Ten Bad Digg Submissions for Prominent Sites
Digg is a puzzle that anyone is invited to try but few know how to solve. The problem is that the ‘bad players’ leave behind a trail of dirt that remains active, thus filling the Internet (or, to be more specific, Digg.com and search results) with even more garbage than it already has. While this is really the fault of Digg for keeping virtually everything submitted in its database, no matter how silly or useless, we can also blame users for being complete knuckleheads.
We’ll skip ‘bad submissions’ of decent content, which is usually done by Digg amateurs, and we’ll even skip ‘spam’ diggs meant to promote a site by the site’s owner. Instead we’ll focus on very prominent websites that have been submitted to Digg by people who shouldn’t be allowed to operate a computer.
On May 3, 2006, an inactive Digg user discovers a most awesome website: eBay.
On Oct 16, 2007, Digg user swatward told the entire Digg community about a revolutionary search engine: Google. This one did get a lot of diggs, however, so perhaps it wasn’t so stupid after all. Maybe these people really did like this submission.
Digg user AudreyLynne is selling her photos on My Ebay. So she submits the My eBay url, perhaps not understanding that the url is different for each user and doesn’t go directly to her photos, or whatever it was she was trying to link to.
Oh my god! There is an error on the Internet! Let’s tell everyone on Digg immediately by submitting that page. Never mind the fact that the page got fixed soon after the Digg submission went through.
Thank you, Digg user chrisvanhorn, for submitting MySpace.com for your political agenda. How’d that turn out for you?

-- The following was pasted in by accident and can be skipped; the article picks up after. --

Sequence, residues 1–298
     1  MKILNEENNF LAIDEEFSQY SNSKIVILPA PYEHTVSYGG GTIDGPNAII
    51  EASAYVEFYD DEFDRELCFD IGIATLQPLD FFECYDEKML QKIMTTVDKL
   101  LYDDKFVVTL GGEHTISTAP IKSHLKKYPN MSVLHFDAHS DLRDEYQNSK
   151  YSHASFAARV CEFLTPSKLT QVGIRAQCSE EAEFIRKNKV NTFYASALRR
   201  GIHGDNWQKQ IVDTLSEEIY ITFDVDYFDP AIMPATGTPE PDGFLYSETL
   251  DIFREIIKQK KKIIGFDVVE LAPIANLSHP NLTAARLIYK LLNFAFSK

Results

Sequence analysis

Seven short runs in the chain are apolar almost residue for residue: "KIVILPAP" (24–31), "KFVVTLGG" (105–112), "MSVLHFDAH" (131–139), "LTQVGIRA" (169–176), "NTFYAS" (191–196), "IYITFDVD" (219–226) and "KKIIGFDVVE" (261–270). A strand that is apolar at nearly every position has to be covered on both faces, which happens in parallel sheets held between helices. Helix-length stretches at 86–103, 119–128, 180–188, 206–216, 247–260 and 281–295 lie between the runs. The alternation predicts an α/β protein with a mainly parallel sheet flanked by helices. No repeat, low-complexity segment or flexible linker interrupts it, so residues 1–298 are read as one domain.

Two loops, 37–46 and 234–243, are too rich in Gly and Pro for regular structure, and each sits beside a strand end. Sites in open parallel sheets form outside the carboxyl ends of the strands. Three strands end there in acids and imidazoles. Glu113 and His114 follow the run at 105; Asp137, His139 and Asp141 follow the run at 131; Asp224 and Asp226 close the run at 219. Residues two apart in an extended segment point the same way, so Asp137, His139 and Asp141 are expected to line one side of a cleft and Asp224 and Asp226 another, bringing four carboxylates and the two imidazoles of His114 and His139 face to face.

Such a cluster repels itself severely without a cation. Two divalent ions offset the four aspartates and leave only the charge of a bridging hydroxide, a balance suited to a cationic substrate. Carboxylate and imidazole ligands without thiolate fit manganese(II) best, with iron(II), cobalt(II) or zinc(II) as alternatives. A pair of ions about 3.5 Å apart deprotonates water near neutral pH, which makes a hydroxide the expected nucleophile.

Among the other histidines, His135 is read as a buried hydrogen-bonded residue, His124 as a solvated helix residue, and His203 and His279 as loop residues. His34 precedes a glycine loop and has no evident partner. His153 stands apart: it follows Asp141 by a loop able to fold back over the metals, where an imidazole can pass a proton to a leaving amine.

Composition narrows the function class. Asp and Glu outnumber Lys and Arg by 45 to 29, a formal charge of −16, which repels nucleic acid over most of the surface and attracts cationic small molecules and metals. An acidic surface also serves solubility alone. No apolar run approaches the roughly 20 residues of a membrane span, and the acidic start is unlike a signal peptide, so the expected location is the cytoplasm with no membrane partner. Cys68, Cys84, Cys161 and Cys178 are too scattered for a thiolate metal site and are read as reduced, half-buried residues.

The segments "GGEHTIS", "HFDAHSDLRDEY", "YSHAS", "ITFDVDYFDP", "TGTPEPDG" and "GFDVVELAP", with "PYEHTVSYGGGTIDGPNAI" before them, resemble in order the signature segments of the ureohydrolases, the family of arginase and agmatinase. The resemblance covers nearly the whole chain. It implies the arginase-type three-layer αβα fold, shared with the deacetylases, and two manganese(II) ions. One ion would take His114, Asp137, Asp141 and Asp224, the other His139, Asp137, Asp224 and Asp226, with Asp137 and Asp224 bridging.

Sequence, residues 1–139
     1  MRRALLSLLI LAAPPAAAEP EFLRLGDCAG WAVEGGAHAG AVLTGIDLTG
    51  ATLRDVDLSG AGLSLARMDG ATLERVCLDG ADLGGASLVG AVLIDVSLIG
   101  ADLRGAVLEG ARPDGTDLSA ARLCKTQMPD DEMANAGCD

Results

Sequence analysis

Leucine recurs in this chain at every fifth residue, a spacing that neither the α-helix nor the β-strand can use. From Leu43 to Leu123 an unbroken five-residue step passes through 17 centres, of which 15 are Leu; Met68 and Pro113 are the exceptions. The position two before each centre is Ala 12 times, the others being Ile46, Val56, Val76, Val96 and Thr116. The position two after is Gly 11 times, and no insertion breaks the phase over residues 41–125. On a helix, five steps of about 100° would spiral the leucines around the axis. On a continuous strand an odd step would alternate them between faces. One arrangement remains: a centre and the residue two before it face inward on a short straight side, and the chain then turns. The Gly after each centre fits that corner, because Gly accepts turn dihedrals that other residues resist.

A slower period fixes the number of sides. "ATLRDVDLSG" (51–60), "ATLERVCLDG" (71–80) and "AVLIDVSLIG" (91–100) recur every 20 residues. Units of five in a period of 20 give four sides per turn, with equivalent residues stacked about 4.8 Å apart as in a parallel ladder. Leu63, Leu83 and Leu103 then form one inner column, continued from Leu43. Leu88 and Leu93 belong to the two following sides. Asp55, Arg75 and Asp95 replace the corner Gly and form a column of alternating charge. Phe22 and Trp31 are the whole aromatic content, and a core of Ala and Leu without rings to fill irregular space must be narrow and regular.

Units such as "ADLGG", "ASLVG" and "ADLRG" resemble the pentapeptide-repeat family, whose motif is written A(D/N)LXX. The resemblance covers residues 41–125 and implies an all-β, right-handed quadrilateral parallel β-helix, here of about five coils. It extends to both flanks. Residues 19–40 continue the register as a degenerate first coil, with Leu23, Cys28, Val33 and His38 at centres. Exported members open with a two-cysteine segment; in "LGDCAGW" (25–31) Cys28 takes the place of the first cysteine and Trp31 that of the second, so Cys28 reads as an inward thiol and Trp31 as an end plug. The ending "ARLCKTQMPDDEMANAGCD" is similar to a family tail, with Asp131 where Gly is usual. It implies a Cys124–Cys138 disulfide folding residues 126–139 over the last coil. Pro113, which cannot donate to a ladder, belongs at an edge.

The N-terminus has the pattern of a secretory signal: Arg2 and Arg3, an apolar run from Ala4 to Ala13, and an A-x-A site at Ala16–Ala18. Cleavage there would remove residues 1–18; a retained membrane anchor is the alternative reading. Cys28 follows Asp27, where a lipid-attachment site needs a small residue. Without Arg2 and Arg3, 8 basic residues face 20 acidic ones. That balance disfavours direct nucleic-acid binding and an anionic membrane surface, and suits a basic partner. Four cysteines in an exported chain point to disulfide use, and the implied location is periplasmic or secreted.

Another site with Ron Paul spam is www.blogger.com, submitted by Digg user weztex.
Oh, and foxnews.com is submitted as Time for FauxNews to Substitute Paul for Guiliani due to pol.
Look what they put on the Wikipedia front! An article about South Park!
The next day, that article was gone off the front, but we’ll forever know on Digg on March 15, 2008, Wikipedia had an article about South Park on its front page.
Apr 9, 2008, Digg user QaBOjk submits the video site Youtube.com with the ranting text:
“look @ youtube.com front page, theres a freakin’ song for each campaign? what is this american idle for your Leader?!?! this is your leader.. not american idle.. let me guess, you will vote for whoever ‘simon’ says sucks the least. THIS IS YOUR PRESIDENT! I wouldn’t elect my president that stoops so low.”
Anything Star Wars related winds up on Digg, but in this case the user submitted the USPS main page, which of course changes over time. So now the USPS home page is forever in the Digg universe under this submission, and people who stumble upon it will be greatly disappointed to find that there is no mention of Star Wars there.
This user meant well, perhaps, but is apparently ignorant of the fact that washingtonpost.com is a breaking news site and changes frequently. “russell” linked to the home page instead of the article or gallery he was referring to. Now all this submission tells us is that washingtonpost.com had panoramas of Katrina’s aftermath on its front page Sept. 9, 2005.
Kobe Bryant scoring 50+ points four games in a row is certainly interesting, but there are two problems with this. One is that the use links to the front page of NBA.com and not the actual article, and the other is that Bryant wasn’t even the first to do this. Wilt Chamberlain did this and then some by averaging 50 points a game in a season. But according to Digg user duedermont, Bryant made ‘history.’